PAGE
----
Seoul’s red light districts, like the Seoul sex industry in general, have always been oriented to a local customer base. Any non-Korean who has ventured through any of Seoul’s many red light districts with the exception of Hooker Hill can confirm that many sex workers in South Korea are simply uninterested in entertaining guys from other countries.
The reasons for this rejection of non-Koreans range from xenophobia to a fear of over sized penises and sexual disease. Perhaps the biggest motivation for rejecting foreigners has always been that many Korean guys do not want to visit sex workers who have been “tainted” by having sex with men who do not hail from the land of the morning calm.
While the majority of sex shops in Seoul have a habit of refusing foreigners all together at least some of the women working in red light districts have historically welcomed non-Korean customers at least when they were no other Korean customers within eyeshot.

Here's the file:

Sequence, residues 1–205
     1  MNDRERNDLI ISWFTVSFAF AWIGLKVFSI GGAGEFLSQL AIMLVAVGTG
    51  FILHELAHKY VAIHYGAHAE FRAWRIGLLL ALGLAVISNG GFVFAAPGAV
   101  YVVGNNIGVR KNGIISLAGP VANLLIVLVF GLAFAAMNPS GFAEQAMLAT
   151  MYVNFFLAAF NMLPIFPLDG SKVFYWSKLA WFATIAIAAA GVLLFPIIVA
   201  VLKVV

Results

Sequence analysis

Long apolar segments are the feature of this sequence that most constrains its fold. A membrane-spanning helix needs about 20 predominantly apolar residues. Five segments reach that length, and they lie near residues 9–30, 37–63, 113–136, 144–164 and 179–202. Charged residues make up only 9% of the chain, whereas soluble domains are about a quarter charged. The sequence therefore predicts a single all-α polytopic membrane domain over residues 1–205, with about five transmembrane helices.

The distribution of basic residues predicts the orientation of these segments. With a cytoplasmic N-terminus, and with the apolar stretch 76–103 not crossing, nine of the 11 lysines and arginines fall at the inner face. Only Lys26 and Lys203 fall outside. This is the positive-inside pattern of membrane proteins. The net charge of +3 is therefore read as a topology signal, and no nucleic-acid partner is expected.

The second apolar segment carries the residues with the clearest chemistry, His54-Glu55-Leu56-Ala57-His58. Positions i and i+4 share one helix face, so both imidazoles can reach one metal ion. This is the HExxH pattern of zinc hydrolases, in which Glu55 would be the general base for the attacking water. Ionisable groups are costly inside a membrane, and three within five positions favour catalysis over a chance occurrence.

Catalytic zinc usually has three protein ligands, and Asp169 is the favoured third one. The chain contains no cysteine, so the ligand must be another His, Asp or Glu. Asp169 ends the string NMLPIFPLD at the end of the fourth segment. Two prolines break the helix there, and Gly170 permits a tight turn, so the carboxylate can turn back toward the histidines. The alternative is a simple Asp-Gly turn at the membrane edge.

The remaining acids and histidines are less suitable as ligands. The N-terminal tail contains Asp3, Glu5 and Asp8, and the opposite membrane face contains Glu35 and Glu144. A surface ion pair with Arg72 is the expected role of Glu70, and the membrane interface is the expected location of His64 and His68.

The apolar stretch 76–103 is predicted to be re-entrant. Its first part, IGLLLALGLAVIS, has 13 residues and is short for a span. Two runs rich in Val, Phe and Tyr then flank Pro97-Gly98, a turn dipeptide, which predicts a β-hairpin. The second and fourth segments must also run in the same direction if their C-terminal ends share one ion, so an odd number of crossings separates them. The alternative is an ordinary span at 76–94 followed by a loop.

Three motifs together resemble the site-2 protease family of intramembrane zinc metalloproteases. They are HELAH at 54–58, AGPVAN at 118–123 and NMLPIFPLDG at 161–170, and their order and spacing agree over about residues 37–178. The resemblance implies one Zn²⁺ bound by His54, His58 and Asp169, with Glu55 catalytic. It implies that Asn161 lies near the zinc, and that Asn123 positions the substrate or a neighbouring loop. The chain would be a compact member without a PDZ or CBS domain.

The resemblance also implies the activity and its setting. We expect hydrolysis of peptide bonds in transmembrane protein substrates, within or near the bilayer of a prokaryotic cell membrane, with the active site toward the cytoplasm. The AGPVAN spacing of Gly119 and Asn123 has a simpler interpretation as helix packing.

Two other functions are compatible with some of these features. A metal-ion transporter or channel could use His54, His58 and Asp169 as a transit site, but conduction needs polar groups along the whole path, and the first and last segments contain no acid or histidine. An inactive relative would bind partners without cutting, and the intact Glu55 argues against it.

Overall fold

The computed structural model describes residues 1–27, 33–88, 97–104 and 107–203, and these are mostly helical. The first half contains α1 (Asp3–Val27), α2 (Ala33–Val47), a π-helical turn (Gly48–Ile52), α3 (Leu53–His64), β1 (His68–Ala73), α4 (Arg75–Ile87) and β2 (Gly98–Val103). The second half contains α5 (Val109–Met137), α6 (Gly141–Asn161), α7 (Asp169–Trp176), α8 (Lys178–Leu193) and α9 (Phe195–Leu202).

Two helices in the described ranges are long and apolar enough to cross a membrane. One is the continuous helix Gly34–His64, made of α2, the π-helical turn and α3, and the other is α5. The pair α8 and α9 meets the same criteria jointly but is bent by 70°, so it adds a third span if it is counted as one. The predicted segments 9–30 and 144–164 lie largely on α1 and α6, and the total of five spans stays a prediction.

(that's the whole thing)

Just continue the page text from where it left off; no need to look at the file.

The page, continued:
In at least one part of town Koreans and foreign customers alike are no longer able to purchase sexual services at the 588 red light district since it has been totally shut down. After years of rumors and speculation the sex shops have finally been shuttered to make way for the construction of some high rise apartments. It’s not equality under the law, but Koreans and foreigners now have to deal with the same situation.
The shut down came after real estate developers instilled cameras in the area and armed thugs reportedly intimidated the sex workers in the district and trashed their workplaces.
The government has not helped the many sex workers forced out of 588. This was not always the case. An earlier government was involved with creating windowed fronts in the district in the run up to the Seoul Olympics. The idea was taken from red light districts like De Wallen in Amsterdam and was part of a beautification campaign. Prostitution has since been officially outlawed in South Korea.
When one senior member of a sex workers’ association was asked where the women from 588 would end up, he said “some went to red-light districts in other parts of the country… Others probably went to find jobs at room salons, karaoke bars and massage parlors“.